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Sown direct in June – Dwarf French Beans, Peas, Globe Artichokes, Carrots, Broccoli, Kale, Cauliflower, Swede, Beetroot, Radish, Mange Tout, Lettuce

Planted out in June – Dahlias, Geraniums, Marigolds, Cosmos, Dianthus, Zinnia, Tomatoes, Aubergine, Gherkins, Peppers, Courgettes, New Zealand Yams, Cucumber, Runner Beans

Harvested in June – Strawberries, Broad Beans, Courgette, Sweetpeas, Radish tops (for rabbits !)

🙂

Into the Unknown

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Sometimes on the allotment – for us rookies especially – it’s difficult to tell who is friend and what is foe.  This was true this week, when giving the plot a thorough weeding, mowing and trimming, we came across several visitors we weren’t sure if to admire or to send packing !

The first two were flowers – or should that be weeds ?  Tiny delicate blue flowers have appeared all around the plot, and have become a lovely companion to our Poached Egg Plant in the flower border.

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Secondly, these gorgeously fragile looking purple flowers have sown themselves along the edges of our space, and seem far too beautiful to be weeds – what are they ?

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And lastly, whilst digging in one of the ‘raised baths’ this fellow reared it’s alien looking head.  A shiny, hard coated brown pellet with a disconcerting rotating head, it’s apparently a brown moth pupa, which is commonly found in soil.  Whether it’s a friend to allotmenteers we don’t know !

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On safer ground, we were also able to admire more familiar favourites coming into their own this week.  The lush dark green foliage and deep purple flowers of Comfrey, Strawberry flowers in the bed we extended last year, and our first Rose of the year in bloom.

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Out of our unexpected visitors, only the moth pupa got the heave-ho – out of fear that he may be a crop destroying baddie – and he was only moved to the edge of the plot !  The blue and purple flowers remain.  They may be ‘weeds’ but they’re so pretty, who are we to judge ?

What unexpected visitors have you had on your plot this year ?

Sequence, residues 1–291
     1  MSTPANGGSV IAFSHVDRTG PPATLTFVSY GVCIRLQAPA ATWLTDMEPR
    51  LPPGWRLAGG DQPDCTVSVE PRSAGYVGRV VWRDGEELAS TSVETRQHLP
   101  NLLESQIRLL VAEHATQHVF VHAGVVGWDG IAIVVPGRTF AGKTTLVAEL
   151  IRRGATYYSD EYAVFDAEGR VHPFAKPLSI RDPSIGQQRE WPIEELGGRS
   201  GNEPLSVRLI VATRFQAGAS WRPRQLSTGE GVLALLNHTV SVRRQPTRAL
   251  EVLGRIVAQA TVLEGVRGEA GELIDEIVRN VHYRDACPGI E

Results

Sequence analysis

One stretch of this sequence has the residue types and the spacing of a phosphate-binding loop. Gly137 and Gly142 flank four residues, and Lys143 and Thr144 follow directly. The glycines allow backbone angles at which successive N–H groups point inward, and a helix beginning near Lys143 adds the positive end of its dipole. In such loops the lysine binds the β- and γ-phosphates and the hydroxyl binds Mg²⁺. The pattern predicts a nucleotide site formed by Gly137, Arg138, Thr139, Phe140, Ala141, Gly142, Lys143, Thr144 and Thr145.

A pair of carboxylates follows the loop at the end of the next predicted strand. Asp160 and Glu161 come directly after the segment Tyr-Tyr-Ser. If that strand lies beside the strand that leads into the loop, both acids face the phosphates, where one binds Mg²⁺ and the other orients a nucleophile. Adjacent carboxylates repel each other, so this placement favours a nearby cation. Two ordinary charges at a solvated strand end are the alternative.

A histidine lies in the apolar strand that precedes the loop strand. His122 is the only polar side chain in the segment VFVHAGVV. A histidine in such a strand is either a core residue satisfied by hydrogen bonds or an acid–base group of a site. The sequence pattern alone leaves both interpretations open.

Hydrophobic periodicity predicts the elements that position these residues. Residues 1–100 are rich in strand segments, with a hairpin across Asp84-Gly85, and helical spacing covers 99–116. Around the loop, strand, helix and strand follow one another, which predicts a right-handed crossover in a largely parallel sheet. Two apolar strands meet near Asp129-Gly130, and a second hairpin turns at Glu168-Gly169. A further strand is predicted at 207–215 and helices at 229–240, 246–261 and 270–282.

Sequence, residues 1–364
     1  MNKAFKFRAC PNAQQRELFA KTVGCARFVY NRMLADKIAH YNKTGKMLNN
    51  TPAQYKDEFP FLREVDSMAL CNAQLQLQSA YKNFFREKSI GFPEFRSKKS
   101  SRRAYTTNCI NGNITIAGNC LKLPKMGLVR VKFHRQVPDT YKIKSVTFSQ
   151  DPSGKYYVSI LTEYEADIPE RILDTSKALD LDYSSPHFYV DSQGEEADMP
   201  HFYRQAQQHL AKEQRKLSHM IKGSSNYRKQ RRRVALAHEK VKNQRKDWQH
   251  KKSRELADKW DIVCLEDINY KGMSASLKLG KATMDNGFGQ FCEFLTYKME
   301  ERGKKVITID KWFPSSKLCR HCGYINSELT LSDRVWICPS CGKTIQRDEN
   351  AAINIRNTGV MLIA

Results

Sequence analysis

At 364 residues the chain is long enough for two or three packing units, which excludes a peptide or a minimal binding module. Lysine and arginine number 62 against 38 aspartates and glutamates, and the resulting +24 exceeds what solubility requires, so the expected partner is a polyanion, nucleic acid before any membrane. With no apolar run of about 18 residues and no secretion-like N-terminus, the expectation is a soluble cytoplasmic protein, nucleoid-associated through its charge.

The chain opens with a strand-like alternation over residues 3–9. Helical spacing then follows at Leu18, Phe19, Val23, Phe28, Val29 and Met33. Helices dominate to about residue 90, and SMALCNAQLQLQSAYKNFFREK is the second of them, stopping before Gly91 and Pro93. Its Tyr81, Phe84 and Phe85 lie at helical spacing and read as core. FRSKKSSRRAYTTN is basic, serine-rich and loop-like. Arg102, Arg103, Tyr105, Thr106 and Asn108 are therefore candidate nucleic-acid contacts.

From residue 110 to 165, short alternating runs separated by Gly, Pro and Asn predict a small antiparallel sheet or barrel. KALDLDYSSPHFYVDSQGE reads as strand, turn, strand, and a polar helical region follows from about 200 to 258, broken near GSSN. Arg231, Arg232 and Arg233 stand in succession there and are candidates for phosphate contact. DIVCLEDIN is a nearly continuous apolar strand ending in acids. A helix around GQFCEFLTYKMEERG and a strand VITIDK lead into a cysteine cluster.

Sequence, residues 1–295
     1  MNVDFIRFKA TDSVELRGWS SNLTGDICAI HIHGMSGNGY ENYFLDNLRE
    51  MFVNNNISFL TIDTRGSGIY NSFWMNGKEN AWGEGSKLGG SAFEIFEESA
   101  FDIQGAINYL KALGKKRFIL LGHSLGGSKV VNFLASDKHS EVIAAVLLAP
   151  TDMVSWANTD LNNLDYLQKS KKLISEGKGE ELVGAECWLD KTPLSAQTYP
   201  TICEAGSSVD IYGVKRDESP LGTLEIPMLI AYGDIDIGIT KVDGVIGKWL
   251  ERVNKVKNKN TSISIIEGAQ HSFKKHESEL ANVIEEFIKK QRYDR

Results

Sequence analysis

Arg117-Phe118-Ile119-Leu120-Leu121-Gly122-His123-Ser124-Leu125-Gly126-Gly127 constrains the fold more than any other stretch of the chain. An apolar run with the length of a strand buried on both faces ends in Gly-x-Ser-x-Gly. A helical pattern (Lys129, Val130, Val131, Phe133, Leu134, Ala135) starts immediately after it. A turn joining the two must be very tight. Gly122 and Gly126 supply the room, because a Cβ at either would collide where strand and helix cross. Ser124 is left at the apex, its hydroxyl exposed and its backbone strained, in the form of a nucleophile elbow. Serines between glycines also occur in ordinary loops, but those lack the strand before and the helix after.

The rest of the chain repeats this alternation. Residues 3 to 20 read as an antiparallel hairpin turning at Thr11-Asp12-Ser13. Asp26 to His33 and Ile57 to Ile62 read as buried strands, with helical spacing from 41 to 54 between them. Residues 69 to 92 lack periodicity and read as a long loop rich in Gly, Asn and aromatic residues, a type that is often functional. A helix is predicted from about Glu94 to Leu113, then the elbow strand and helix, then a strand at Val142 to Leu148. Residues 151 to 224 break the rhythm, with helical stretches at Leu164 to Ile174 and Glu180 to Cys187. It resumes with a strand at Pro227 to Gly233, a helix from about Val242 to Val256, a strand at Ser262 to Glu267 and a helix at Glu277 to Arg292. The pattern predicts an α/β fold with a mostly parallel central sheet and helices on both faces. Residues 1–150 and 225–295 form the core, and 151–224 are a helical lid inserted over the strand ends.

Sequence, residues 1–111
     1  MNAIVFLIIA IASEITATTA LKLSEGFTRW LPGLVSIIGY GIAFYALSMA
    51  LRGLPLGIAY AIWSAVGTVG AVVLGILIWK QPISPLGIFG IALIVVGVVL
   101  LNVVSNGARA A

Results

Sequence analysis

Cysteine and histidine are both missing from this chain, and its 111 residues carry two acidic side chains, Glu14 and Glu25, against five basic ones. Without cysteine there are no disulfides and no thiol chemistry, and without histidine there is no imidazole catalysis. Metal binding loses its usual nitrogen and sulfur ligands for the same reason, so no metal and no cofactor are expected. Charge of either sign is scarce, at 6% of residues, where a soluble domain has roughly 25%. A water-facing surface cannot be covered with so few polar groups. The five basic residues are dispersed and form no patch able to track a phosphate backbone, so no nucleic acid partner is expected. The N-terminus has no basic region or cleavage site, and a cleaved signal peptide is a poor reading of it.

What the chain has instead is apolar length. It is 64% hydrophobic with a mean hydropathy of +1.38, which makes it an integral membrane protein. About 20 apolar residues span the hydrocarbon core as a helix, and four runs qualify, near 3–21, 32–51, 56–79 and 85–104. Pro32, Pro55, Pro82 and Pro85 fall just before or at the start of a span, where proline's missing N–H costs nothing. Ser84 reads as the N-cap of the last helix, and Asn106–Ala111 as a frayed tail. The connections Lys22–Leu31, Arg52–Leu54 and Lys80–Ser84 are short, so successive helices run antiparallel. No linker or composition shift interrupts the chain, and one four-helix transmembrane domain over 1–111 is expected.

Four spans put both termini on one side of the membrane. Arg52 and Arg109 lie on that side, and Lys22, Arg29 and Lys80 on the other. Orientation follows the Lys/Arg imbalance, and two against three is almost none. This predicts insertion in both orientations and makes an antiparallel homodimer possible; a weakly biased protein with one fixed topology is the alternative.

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Borage Bother

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The Borage on our plot has been a Rookie success so far, but this week we noticed a spot of Borage bother.  While the characteristically brilliant blue flowers are in bloom, the leaves of the plant have gone a decidedly unhealthy looking dusty white.  A bit of research has shown that this is likely to be ‘powdery mildew’ which often strikes Borage grown in shady and damp conditions (as ours is).

The question is – what’s the best way to treat this unwelcome visitor ?  Google suggests a drink of milk, a compost tea or even a sprinkle of fresh urine might do the job !  With Mr O poised at the flower border ready to do his duty, do you know of a better treatment for powdery mildew ?  Answers (gratefully received) on a postcard please !

🙂

Rookie Rhubarb & Ginger Jam

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I’ve been trying to figure out what to do with our allotment grown Rhubarb for the last few weeks, as Mr O can’t eat the stuff.  I settled on jam, as I figured I could eat this at my leisure, or give it away if it turned out, well, like jam.  After doing a bit of research, I combined a couple of recipes to make what I can now proudly call ‘Rookie Rhubarb and Ginger Jam’.  Here’s what I did.

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Rookie Rhubarb and Ginger Jam – ingredients (makes approx 4 jars) :

1kg sugar
800g Rhubarb (this equates to around 9 sticks of varied length and width.  I somehow managed to come home with exactly the right amount, something I fear I wouldn’t be able to repeat !)
1 tbsp lemon juice
125g root ginger
150ml Certo (liquid pectin)

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Cut the Rhubarb into half cm chunks, and layer with the sugar in a large pan.  Leave this overnight, until all the juices are drawn out of the Rhubarb and it resembles Rhubarb soup the following day.

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The next day, add the lemon juice and the root ginger (peeled and grated).  Cook on a low heat for 40 minutes until it resembles a brown, glossy, sweet smelling stew.  Then boil up for 5 minutes until the setting point is reached.  If using liquid pectin this is added at this point, then the jam is boiled for a couple of minutes until the setting point is reached.  I used Certo for the first time in this recipe (normally relying on the cold saucer in the fridge technique with varied success rates) and it worked really well.  Pour into sterilized jars and label with pride.

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Eat with a big spoon !